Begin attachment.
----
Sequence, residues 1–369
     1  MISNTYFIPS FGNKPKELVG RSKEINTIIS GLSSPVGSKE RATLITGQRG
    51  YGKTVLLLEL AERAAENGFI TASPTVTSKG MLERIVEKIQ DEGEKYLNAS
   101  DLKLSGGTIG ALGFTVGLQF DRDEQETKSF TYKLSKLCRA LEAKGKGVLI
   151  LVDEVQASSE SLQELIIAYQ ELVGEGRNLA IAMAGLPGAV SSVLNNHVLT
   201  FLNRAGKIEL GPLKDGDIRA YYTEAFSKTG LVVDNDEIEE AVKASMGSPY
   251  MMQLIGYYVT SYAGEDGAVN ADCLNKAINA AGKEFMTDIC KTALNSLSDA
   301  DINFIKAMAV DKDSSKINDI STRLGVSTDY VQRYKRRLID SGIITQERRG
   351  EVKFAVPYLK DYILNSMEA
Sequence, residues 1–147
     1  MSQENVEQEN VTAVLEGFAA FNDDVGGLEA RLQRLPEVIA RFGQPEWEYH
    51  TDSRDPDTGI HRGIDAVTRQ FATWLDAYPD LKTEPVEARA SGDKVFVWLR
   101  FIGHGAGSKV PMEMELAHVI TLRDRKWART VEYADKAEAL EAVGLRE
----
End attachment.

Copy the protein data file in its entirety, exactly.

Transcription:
Sequence, residues 1–369
     1  MISNTYFIPS FGNKPKELVG RSKEINTIIS GLSSPVGSKE RATLITGQRG
    51  YGKTVLLLEL AERAAENGFI TASPTVTSKG MLERIVEKIQ DEGEKYLNAS
   101  DLKLSGGTIG ALGFTVGLQF DRDEQETKSF TYKLSKLCRA LEAKGKGVLI
   151  LVDEVQASSE SLQELIIAYQ ELVGEGRNLA IAMAGLPGAV SSVLNNHVLT
   201  FLNRAGKIEL GPLKDGDIRA YYTEAFSKTG LVVDNDEIEE AVKASMGSPY
   251  MMQLIGYYVT SYAGEDGAVN ADCLNKAINA AGKEFMTDIC KTALNSLSDA
   301  DINFIKAMAV DKDSSKINDI STRLGVSTDY VQRYKRRLID SGIITQERRG
   351  EVKFAVPYLK DYILNSMEA
Sequence, residues 1–147
     1  MSQENVEQEN VTAVLEGFAA FNDDVGGLEA RLQRLPEVIA RFGQPEWEYH
    51  TDSRDPDTGI HRGIDAVTRQ FATWLDAYPD LKTEPVEARA SGDKVFVWLR
   101  FIGHGAGSKV PMEMELAHVI TLRDRKWART VEYADKAEAL EAVGLRE